5ALA in pediatric brain tumors is not routinely beneficial

Childs Nerv Syst. 2017 May;33(5):787-792. doi: 10.1007/s00381-017-3371-8. Epub 2017 Mar 14.


Purpose: Over recent years, 5-aminoluvolinic acid (5ALA) has been increasingly used for resection guidance in adult high-grade gliomas. However, amongst pediatric patients, publication of intraoperative fluorescence has been limited, with inconsistent outcomes. We describe our experience and intraoperative finding amongst children with various brain tumors that were given 5ALA prior to tumor resection.

Methods: Since October 2014, data regarding intraoperative findings amongst children that received 5ALA prior to tumor resection were prospectively collected. Inclusion criteria included any intracranial tumor amongst children 3-18 years of age. Data included intraoperative findings (regarding fluorescence of the tumor), as well as postoperative follow-up and documentation of complications.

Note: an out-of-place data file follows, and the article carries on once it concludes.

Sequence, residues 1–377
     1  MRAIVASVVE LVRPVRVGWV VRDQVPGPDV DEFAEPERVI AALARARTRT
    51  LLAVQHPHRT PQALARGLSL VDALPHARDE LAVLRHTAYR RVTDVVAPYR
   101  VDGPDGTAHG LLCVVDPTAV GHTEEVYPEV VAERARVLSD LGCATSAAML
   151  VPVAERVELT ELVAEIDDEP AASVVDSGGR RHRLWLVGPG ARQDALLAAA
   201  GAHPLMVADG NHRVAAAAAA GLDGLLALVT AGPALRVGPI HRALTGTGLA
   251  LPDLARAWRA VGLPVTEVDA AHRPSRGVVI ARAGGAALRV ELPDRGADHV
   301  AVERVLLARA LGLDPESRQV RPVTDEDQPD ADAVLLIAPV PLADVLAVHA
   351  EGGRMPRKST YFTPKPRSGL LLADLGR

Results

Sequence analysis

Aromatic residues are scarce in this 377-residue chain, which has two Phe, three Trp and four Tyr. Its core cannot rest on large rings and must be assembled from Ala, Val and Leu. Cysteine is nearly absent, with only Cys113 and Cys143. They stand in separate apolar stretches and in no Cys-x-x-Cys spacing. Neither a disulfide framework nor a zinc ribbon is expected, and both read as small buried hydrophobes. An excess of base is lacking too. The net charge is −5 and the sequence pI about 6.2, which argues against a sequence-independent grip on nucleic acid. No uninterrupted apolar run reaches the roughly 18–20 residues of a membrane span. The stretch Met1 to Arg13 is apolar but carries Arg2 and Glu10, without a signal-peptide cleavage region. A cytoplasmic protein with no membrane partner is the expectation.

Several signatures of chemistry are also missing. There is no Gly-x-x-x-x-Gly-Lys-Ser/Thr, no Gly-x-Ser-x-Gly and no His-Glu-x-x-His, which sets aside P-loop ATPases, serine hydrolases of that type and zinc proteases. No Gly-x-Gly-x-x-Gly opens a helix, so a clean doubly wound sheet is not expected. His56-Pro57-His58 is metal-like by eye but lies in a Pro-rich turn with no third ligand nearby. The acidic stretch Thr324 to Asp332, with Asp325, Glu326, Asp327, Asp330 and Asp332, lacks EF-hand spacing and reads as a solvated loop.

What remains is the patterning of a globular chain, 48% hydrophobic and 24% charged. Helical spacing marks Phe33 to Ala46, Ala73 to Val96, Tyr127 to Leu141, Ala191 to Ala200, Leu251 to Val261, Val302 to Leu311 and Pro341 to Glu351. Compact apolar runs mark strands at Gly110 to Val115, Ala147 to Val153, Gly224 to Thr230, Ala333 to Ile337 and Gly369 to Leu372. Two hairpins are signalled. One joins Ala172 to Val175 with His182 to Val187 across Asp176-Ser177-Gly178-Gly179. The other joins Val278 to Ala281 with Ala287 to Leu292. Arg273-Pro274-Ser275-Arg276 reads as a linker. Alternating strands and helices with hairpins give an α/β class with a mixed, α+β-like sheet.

Results: Fourteen children were included, covering a wide pathological spectrum: pilocytic astrocytoma (PA) (6), medulloblastoma (2), and one each of DNET, hemangiopericytoma, hemangioblastoma, ganglioneuroblastoma, oligodendroglioma grade II (OD), and ganglioglioma grade I. Fluorescence was clearly visible in one case (PA), and in a heterogeneous and slighter degree in two (PA, OD). One patient had a rash, fever, and leukocytosis 6 days after surgery and died 1 month later from extensive tumor progression (large cell medulloblastoma with leptomeningeal spread).

Conclusion: 5ALA showed a low rate of fluorescence amongst this pediatric brain tumor cohort. These findings are consistent with the literature, where the role of 5ALA in guidance of pediatric brain tumor resection is limited mainly to glioblastoma multiforme. This stems not only from the low rate of significant fluorescence, but also from inherent structural properties of these lesions such as color, consistency, and invasion.

Keywords: 5ALA; Brain tumor; Fluorescence; Pediatric.

Publication types

  • Case Reports
  • Review

MeSH terms

  • Administration, Oral
  • Adolescent
  • Aminolevulinic Acid
  • Brain Neoplasms / diagnostic imaging
  • Brain Neoplasms / drug therapy*
  • Brain Neoplasms / surgery*
  • Child
  • Child, Preschool
  • Cohort Studies
  • Female
  • Humans
  • Levulinic Acids / administration & dosage*
  • Male
  • Microsurgery / methods
  • Microsurgery / trends
  • Prospective Studies
  • Young Adult


  • Levulinic Acids